In recent years, great strides have been made in understanding and treating lung cancer. While we’re excited to see these many developments, our priority at LUNGevity is to ensure patient voices, priorities, and experiences are considered as part of these improvements. In the clinical trial space, despite more calls for greater patient centricity, there are still areas lacking, such as how patient-reported data are analyzed and presented.
Cancer clinical trials today tend to focus on overall survival (length of time from start of treatment that patients are still alive) and progression free survival (length of time during and after treatment that a patient lives with the disease but it does not get worse) as primary endpoints. However, progression free survival hasn’t always translated into living longer. Both patients and doctors want to know whether the quality of life of the trial participants was affected by the new treatment.
The problem is that quality of life can be difficult to interpret; what one person defines as important to them will be different to the next person. But that is ok; there are more concrete, yet related, concepts. For example, we can measure how a treatment affects someone’s ability to do normal daily activities like walking (also known as physical function in clinical trial terms) and whether it improves, stays more or less the same, or gets worse. The Food and Drug Administration (FDA) Oncology Center of Excellence is particularly interested in how physical function changes during treatment for patients who are enrolled in cancer clinical trials.
On July 23rd, I presented some of my work at the FDA’s Clinical Outcome Assessments in Cancer Clinical Trials workshop. I took what I see as being an oversimplification in how clinical trial survey scores for concepts like physical function, created by tallying up patients’ responses, are often presented to regulators and other scientists in literature. I have an example of what is often shown to below.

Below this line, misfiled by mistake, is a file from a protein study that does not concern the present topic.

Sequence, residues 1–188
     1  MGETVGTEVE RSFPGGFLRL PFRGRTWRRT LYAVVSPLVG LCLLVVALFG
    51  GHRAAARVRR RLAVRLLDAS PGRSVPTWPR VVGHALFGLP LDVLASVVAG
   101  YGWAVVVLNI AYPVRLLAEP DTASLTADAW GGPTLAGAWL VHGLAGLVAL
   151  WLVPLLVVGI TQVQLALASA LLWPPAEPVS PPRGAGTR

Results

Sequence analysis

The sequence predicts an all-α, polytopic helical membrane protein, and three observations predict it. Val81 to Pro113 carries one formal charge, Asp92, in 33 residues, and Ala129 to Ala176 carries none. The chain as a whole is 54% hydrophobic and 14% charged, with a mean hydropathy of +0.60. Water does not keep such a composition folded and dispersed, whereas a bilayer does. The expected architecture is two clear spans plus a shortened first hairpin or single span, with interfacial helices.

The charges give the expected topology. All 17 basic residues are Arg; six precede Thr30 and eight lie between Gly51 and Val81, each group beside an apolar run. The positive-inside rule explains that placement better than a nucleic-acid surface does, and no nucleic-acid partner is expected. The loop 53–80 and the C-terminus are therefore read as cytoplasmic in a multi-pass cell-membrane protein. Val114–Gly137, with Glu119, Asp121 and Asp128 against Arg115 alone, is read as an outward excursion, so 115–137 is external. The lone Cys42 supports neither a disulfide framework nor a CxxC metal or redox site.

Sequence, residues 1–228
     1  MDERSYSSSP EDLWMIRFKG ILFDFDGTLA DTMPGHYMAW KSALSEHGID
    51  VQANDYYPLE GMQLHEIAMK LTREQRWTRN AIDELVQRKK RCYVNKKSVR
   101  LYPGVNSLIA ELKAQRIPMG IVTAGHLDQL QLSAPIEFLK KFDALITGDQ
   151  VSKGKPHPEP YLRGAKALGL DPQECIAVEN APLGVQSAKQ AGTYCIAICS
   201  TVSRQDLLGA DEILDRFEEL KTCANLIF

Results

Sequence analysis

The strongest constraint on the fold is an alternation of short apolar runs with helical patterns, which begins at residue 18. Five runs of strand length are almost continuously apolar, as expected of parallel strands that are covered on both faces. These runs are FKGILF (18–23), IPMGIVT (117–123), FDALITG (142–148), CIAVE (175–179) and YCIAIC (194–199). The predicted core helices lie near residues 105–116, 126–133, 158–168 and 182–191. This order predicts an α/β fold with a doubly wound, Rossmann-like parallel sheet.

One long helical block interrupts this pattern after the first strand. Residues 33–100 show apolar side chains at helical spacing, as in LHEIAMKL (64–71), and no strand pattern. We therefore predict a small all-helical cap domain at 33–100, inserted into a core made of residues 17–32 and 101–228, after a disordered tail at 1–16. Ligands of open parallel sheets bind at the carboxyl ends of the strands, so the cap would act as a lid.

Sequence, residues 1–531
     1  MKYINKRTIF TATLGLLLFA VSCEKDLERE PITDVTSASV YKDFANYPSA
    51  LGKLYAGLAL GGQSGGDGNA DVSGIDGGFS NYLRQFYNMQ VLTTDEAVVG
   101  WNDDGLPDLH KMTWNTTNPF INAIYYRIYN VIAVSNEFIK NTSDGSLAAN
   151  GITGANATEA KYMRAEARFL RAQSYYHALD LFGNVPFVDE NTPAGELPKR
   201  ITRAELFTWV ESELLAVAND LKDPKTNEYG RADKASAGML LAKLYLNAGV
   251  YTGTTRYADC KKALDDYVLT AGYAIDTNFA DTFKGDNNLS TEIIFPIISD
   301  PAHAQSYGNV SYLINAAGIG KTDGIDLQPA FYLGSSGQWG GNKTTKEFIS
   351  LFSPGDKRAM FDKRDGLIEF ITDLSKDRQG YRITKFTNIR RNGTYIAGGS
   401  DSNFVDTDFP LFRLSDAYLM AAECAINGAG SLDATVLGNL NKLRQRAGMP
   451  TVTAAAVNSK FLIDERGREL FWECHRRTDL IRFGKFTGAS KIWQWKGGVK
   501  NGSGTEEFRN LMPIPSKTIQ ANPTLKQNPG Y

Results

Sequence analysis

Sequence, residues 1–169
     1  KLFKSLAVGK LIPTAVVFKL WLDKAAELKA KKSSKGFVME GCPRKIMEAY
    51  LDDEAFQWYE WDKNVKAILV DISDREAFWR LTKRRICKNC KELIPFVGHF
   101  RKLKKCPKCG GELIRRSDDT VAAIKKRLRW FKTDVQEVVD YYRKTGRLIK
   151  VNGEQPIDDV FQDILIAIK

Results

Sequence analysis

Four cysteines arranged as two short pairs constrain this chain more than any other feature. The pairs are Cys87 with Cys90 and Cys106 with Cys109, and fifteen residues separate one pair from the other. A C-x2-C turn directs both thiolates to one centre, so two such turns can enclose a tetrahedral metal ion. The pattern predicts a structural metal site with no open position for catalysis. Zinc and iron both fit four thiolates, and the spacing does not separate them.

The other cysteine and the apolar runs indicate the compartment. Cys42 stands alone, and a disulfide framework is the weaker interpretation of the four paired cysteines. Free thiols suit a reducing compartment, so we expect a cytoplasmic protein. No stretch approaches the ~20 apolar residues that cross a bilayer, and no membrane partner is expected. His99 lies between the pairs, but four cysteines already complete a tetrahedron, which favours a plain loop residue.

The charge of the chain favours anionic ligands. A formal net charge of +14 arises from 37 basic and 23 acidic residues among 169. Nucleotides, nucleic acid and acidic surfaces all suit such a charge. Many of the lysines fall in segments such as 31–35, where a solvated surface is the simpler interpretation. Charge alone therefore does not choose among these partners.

This chart compares the average physical function score (mean) for patients in the treatment arm (investigational therapy) to those in the active control (standard of care) over time on trial. The lines sticking out of the dot tell us the confidence interval. The longer it is, the less confidence we have in the average; the smaller it is, the more confidence we can have. However, there is no average patient, but we also can’t tell regulators, payers, and the scientific community every patient’s unique story. So how do we find a compromise?
The solution I presented was to look at the scores broken into 4 equal quarters and track how scores changed over the first 6 months of treatment. These are called Sankey diagrams and were initially developed by Captain Matthew Sankey to depict energy efficiency of a steam engine; it can be good to pull ideas from other disciplines. The same data is presented below in one of these Sankey diagrams. Of course, other scientists can choose different groupings for scores that are meaningful to their clinical trial as the principle still holds.